From David Hammons, a Tribute to Pier 52 and Lastingness

In 2014, the director of the Whitney Museum of American Art, Adam D. Weinberg, invited the artist David Hammons to tour the museum’s still empty new building. Weinberg remembers them standing with each other at the panoramic fifth-flooring window overlooking the Hudson and conversing about the background of the waterfront going through the museum, about what was there and what was absent.

Gone, due to the fact its demolition in 1979, was Pier 52, as soon as a warehouse for the Baltimore and Ohio Railroad Organization, and famous in the artwork globe as the location for a monumental do the job of guerrilla-model public sculpture referred to as “Day’s End” by the American conceptualist Gordon Matta-Clark.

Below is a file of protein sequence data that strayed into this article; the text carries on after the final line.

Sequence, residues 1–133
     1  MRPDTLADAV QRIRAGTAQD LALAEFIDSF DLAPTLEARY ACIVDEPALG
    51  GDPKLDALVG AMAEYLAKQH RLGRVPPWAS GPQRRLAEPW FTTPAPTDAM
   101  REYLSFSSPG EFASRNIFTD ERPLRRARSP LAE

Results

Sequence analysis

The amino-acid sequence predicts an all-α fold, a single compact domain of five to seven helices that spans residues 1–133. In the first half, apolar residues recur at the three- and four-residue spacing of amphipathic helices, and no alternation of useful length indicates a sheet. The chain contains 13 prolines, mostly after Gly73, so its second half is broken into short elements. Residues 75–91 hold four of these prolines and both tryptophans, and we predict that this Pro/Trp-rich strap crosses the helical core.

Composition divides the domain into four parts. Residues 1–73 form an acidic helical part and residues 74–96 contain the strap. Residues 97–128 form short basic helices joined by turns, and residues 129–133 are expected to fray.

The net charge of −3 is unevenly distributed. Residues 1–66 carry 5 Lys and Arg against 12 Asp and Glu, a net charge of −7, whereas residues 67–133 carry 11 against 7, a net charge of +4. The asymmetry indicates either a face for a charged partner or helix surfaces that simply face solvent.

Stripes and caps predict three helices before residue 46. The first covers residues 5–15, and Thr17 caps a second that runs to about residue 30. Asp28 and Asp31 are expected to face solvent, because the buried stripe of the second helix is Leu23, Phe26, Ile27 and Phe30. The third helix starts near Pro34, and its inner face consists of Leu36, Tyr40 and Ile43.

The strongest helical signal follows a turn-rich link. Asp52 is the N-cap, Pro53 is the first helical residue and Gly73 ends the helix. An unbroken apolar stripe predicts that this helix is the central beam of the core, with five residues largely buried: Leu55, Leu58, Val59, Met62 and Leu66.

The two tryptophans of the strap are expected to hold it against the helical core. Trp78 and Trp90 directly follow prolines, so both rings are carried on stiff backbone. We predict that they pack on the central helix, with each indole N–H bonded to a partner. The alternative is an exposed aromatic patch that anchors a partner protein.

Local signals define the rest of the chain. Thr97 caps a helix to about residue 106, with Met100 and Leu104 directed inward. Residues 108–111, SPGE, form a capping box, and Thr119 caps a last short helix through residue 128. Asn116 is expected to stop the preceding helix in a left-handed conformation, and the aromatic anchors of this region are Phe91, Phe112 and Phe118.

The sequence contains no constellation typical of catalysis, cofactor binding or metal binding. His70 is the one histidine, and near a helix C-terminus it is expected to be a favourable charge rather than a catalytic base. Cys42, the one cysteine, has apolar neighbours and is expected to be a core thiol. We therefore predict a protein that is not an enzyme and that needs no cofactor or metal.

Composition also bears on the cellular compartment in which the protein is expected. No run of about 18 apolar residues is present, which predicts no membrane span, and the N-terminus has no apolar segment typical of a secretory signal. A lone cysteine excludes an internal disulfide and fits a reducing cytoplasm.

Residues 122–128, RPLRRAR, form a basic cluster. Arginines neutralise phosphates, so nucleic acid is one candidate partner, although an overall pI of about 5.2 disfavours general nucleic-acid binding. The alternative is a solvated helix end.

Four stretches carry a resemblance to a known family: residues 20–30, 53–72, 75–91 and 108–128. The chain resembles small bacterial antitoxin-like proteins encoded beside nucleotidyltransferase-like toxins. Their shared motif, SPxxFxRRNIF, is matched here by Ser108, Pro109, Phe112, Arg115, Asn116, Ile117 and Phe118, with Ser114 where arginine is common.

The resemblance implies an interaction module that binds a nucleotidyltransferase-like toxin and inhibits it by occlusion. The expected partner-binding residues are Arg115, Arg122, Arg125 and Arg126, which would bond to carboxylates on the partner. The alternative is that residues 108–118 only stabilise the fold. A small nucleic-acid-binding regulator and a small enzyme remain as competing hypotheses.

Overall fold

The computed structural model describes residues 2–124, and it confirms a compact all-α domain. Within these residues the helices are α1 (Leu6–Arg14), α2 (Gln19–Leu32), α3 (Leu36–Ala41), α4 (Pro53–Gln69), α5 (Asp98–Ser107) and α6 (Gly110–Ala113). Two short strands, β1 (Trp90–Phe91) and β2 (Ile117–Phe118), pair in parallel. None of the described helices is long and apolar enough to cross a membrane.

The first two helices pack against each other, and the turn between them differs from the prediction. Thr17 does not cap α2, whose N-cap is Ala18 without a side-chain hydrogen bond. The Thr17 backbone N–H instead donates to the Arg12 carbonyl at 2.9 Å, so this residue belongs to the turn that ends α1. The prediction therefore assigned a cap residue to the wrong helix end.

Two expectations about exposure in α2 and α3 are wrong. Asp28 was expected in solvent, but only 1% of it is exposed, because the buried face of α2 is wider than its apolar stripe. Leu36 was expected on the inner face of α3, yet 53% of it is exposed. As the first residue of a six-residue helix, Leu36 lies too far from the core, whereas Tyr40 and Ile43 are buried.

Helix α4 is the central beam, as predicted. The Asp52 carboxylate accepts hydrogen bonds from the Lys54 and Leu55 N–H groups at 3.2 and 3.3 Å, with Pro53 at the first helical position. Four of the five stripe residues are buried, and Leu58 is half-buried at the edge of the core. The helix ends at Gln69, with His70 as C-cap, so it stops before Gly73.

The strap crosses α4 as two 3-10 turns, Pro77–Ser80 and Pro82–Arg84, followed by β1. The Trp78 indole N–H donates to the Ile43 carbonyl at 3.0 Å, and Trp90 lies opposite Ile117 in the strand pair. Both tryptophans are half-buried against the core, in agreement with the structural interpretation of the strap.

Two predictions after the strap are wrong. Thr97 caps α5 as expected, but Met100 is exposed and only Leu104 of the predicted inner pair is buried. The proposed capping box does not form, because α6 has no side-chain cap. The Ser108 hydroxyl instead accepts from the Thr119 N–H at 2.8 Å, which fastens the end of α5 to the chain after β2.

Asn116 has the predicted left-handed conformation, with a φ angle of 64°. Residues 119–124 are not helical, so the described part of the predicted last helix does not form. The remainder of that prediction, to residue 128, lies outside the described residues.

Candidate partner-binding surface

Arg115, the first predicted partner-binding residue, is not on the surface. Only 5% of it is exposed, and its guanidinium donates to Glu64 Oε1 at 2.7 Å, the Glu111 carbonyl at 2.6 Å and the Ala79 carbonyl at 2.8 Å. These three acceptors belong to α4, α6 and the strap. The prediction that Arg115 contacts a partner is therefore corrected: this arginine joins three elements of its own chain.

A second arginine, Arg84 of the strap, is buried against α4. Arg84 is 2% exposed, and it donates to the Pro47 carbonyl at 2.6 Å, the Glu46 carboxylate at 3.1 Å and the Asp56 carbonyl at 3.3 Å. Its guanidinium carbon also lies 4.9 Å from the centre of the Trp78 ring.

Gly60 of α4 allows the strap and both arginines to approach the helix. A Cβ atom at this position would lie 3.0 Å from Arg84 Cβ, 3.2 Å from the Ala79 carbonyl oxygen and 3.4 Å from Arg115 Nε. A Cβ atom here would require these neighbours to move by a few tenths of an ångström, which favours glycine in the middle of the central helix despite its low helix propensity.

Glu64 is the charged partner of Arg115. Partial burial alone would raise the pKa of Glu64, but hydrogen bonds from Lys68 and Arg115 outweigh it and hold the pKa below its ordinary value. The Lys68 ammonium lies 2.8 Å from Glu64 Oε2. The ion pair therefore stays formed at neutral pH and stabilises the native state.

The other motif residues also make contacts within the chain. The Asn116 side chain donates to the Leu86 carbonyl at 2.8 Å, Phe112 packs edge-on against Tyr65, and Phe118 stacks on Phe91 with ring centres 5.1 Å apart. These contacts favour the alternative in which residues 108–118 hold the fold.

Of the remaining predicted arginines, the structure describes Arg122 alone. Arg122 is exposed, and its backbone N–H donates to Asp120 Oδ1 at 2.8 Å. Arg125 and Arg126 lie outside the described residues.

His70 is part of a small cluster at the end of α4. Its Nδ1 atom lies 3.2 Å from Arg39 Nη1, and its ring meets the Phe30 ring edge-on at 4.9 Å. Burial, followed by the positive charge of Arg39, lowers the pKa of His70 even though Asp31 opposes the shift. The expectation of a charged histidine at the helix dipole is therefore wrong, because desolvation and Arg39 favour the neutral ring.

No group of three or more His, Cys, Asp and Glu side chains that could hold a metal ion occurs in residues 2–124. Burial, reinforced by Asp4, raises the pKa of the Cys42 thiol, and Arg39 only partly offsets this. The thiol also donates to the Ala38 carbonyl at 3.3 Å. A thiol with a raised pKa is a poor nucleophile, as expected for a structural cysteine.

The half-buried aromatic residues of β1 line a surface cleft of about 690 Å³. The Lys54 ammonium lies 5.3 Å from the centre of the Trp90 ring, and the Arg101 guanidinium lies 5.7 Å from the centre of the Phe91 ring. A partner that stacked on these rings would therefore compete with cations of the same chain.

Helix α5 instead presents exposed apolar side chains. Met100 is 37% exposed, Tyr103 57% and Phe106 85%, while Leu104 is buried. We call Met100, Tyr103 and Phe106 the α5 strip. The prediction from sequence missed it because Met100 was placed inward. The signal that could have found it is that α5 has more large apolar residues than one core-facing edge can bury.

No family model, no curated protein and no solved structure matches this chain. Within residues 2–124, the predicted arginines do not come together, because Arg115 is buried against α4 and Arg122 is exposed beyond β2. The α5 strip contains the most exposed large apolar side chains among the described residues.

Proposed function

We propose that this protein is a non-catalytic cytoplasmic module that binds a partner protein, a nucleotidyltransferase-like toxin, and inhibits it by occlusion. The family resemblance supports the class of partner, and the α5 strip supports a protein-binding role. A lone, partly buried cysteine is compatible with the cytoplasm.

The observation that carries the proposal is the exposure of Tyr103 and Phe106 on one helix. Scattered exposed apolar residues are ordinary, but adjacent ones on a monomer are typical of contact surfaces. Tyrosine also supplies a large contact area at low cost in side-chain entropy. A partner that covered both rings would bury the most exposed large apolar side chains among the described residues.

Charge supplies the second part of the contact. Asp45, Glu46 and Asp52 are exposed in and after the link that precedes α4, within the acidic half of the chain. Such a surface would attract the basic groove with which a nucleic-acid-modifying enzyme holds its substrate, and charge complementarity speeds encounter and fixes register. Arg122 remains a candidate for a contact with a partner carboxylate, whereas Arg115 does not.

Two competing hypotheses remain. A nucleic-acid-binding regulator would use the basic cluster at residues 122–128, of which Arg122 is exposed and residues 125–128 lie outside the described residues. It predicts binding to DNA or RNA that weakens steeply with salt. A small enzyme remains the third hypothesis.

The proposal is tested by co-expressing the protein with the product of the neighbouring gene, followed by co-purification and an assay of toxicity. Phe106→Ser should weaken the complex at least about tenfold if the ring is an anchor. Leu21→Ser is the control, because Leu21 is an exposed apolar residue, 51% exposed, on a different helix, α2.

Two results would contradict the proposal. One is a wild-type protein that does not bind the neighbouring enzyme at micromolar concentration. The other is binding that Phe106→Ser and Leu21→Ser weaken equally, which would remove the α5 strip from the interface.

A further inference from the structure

The Matta-Clark piece was a work of excision, not development. In 1975, he commandeered the pier’s immense, by-then 50 percent-ruined, shed — it measured 50 ft significant and 373 feet prolonged — and with a smaller crew of personnel he slice openings in its walls and floors, the largest staying a quarter-moon-shaped incision in the sunset-struggling with west wall. His reason was to permit in light that would adjust in the course of days and seasons. He envisioned the basilica-scaled interior as “a peaceful enclosure, a joyous situation.”